Anyway. Yes, it’s fugly, but it’s fast, the word prediction, and the display of word options is much better than Swype, but there’s no comma in the main keyboard layout [in the version I was using, anyway]. Having to switch to the “shift” / secondary layout to get the comma was an absolute deal breaker for me.
This coupled with the ridiculous way in which words have to be capitalised, AFTER entering the word [I would really like to understand the logic behind this], made it pretty easy to ditch Shapewriter.
Where to get it: Omg, one that’s actually available on the Android Marketplace
As stated earlier, and on the Twitterverse, I’m in love with this thing. Yes, it’s only been a few hours, but Swype has been ditched while I marvel at the way SwiftKey manages to predict entire sentences!
The prediction is amazing, I’m really liking the haptic feedback [not sure why I hadn’t enabled it on other keyboards that had it], and I’m still in the stage where I WANT to use my phone as much as possible to send texts, tweets and emails, just so I can type using the keyboard!
Only annoyance as of now, as again stated on Twitter, no Hat [^] character >.< I spent a good two minutes looking for it, completely not willing to accept the fact that they could just exclude that character, but I can’t seem to find it… No happy faces via my phone anytime soon I guess.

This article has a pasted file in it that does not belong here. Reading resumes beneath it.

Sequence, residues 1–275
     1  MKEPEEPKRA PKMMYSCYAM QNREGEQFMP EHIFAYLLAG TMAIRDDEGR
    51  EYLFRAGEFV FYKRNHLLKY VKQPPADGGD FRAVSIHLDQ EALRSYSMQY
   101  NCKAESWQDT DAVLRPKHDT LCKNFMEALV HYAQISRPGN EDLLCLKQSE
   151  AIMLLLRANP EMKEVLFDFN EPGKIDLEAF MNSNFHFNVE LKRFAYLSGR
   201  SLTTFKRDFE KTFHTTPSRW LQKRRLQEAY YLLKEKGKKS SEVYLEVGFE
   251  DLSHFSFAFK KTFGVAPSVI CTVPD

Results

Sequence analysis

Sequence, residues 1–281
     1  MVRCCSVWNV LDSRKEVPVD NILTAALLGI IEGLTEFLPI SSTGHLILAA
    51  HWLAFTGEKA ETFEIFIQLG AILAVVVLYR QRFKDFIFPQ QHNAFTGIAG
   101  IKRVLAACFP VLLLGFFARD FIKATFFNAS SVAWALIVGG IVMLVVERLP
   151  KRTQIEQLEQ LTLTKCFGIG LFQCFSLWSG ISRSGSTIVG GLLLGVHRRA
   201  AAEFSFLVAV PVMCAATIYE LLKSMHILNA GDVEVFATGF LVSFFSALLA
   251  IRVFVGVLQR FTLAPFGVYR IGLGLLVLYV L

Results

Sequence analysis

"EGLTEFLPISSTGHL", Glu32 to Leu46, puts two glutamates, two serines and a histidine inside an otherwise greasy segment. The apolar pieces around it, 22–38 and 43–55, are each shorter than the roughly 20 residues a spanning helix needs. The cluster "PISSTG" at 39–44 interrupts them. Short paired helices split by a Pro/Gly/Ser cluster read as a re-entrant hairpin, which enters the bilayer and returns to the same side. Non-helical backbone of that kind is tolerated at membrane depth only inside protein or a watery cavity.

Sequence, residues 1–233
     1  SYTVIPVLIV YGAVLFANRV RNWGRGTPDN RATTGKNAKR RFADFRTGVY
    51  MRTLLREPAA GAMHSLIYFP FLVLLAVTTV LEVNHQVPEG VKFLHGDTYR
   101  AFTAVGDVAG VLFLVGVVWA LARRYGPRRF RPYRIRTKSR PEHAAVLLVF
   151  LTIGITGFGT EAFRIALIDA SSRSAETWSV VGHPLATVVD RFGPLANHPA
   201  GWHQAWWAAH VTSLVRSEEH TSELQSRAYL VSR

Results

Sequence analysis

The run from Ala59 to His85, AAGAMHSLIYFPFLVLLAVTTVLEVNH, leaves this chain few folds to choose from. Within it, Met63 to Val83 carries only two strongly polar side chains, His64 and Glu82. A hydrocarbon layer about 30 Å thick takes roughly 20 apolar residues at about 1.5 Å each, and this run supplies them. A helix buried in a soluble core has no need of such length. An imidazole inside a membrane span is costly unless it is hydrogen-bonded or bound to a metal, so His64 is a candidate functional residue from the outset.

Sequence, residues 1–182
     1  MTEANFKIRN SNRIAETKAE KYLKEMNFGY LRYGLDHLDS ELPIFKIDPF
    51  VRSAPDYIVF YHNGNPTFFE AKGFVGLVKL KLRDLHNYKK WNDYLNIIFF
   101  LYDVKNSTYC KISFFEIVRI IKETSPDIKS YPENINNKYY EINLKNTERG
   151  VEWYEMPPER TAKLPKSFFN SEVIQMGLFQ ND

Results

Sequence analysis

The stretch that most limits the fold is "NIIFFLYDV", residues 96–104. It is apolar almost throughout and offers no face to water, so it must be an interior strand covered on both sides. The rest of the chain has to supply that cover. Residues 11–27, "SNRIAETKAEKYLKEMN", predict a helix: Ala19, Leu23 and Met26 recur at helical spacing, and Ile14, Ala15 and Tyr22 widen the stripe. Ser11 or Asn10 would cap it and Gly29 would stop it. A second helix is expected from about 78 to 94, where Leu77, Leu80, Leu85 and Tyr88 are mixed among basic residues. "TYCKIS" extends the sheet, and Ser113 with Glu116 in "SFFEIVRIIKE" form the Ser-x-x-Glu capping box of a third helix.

I must admit, coming from Swype, where the combination of very rarely hitting Spacebar between words and hardly having to select a word from the options presented, I sat there puzzled momentarily, initially.
Where to get it: Yep, this one’s in the market too [in beta]
One thing I’ve overlooked with all these keyboards is voice input, as it’s something that to me, still doesn’t seem in a mature enough state to warrant use.
And of course this took way longer than I thought it would. I blame @snarkle, for his question on what I thought of Swype.
SwiftKey replied to me, saying that they’re adding in the Hat as a * longpress; god bless Twitter as a communication platform ^_^
2 thoughts on “My year with Android keyboards”
Thanks! Great post!
@Helge: Thanks! Although I fear the keyboards may have evolved to some extent now